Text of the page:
Gallstone ileus

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Gallstone ileus

Gastrointestinal system

Gastrointestinal system


Gallstone ileus


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USMLE® Step 1 questions

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High Yield Notes

20 pages


Gallstone ileus

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USMLE® Step 1 style questions USMLE

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A 72-year-old woman comes to the emergency department because of intermittent crampy abdominal pain associated with nausea and vomiting for the last five days. She had an episode of vomiting with hematemesis six hours ago. Past medical history is significant for diabetes mellitus, gallstones, and hypertension. Current medications are metformin and lisinopril. Temperature is 38.2°C (100.8°F), pulse is 118/min, respirations are 22/min, and blood pressure is 110/60 mm Hg. Abdominal examination shows distention and tenderness, and hyperactive high-pitched bowel sounds are heard on auscultation. An abdominal radiograph shows pneumobilia and dilated loops of small bowel. Laboratory results are shown below:  
 Laboratory value Result 
Leukocyte count  23,250/mm3 
 Hemoglobin  12 g/dL 
 Hematocrit  46% 
 Platelets  400,000/µL 
 Lipase  140 U/L 
 AST, SGOT  47 U/L 
 ALT, SGPT  45 U/L 
 Total bilirubin  0.8 mg/dL 
Which of the following is the most likely underlying cause of this patient's presentation? 

External References

First Aid








Gallstone ileus p. 405

Ileus p. 395

bacterial peritonitis (spontaneous) p. 399

gallstone p. 405

Neurogenic ileus p. 241

Paralytic ileus p. 448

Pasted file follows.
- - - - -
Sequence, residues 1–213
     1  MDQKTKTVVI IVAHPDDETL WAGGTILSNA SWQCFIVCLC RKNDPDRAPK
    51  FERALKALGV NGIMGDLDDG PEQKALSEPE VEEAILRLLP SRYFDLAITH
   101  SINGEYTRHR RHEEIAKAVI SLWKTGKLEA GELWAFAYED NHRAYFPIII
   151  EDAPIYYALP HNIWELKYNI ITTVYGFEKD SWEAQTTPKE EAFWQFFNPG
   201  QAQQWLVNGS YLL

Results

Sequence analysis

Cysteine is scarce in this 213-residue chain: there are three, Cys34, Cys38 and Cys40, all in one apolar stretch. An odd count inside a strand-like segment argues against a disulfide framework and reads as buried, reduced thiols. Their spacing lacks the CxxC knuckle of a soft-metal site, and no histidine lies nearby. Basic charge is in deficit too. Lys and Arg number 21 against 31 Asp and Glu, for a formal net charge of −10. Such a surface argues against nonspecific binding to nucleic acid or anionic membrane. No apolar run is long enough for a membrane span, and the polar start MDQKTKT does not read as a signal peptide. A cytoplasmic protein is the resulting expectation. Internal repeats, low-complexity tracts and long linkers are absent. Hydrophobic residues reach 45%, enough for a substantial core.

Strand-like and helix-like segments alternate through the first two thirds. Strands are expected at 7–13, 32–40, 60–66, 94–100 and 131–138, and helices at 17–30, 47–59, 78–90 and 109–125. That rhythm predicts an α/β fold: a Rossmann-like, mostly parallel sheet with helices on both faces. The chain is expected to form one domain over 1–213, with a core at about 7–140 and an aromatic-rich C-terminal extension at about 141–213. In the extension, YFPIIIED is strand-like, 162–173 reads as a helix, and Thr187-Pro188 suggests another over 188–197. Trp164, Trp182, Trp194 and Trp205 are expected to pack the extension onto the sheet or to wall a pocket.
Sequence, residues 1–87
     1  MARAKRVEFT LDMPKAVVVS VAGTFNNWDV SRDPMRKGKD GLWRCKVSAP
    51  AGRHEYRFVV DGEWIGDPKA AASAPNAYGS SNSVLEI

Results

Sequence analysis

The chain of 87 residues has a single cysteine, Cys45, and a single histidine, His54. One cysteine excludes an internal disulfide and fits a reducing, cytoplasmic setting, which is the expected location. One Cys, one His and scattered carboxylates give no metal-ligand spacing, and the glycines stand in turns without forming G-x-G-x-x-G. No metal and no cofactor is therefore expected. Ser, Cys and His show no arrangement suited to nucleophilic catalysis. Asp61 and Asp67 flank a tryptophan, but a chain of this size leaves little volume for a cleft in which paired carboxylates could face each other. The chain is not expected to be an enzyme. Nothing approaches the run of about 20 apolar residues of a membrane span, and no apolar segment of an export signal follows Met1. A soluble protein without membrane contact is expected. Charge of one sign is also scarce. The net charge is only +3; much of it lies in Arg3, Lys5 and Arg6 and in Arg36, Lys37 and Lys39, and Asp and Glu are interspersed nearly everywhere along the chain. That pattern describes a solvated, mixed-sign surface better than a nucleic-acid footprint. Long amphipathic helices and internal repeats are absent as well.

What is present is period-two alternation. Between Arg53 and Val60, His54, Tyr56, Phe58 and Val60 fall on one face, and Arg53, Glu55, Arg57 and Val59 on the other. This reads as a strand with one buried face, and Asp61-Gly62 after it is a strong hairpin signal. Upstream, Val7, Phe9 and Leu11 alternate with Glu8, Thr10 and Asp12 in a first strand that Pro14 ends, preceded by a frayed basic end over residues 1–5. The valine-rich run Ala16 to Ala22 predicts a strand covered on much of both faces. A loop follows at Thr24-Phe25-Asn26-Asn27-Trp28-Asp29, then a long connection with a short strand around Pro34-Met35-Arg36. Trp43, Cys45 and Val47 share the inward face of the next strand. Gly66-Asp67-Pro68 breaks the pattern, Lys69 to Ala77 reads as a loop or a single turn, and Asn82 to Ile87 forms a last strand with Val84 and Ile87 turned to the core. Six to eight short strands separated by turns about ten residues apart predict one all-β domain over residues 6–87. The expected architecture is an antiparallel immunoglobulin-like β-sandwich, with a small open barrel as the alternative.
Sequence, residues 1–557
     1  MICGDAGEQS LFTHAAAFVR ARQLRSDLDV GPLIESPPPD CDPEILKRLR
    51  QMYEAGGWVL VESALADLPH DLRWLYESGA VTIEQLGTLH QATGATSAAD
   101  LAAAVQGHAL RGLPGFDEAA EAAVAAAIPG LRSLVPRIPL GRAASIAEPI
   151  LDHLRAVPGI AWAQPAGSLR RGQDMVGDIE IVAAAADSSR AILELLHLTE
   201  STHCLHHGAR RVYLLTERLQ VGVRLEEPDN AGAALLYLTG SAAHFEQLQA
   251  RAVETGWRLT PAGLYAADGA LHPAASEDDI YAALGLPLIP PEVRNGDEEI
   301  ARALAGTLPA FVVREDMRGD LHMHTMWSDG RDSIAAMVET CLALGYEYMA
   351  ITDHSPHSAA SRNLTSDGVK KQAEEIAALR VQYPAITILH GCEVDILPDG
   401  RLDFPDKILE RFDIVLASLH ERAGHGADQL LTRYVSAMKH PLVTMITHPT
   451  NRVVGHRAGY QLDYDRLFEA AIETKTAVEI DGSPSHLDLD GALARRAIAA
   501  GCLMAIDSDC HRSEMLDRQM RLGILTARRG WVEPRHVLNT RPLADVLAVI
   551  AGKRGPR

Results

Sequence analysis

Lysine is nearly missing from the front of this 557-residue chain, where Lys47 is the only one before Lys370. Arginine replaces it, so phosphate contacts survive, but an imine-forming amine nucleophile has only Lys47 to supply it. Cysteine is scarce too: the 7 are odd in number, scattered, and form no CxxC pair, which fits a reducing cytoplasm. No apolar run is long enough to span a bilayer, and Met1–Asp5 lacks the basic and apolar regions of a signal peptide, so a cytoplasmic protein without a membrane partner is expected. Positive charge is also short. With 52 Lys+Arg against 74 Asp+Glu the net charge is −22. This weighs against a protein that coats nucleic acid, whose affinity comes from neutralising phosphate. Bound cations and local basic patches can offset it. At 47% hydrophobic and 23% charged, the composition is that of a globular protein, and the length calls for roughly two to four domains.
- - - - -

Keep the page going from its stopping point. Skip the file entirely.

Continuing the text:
Postoperative ileus p. 241


Content Reviewers

Gallstones are hard stones found in the gallbladder, and gallstone ileus is when a gallstone becomes lodged in the small bowel.

Risk factors for developing gallstones include things like female sex, obesity, pregnancy, and age, sometimes remembered by the 4 F’s—female, fat, fertile, and forty.

Sometimes those gallstones can get lodged in the cystic duct for long periods of time, and in that case, the bile inside the gallbladder tends to stagnate, and since the blockage doesn’t allow it to be squeezed out periodically to help with digestion, that stagnant bile which tends to irritate the gallbladder mucosa in the walls, and causes it to start secreting mucus and inflammatory enzymes, which results in some inflammation, distention and pressure build up—a condition known as cholecystitis, or inflammation of the gallbladder.

If the gallstone dislodges, the inflammation can clear up.

On rare occasion, a large stone (typically over two and a half centimeters) can cause ongoing or repeated inflammation of the gallbladder, which can make the wall of the gallbladder a bit edematous or swollen and slightly more sticky.

As a result, the gallbladder wall can actually adhere to a nearby structure, most commonly at the duodenum, but occasionally to the stomach, colon, and jejunum.

Eventually these repeated bouts of inflammation might cause the gallbladder wall to thin out and erode away completely, forming a fistula—which is essentially a passageway between the gall bladder and the organ that it’s stuck to.

If the other organ is the small intestine, then this is called a cholecystoenteric fistula, and the fistula becomes a direct route for gallstones to enter the bowel.


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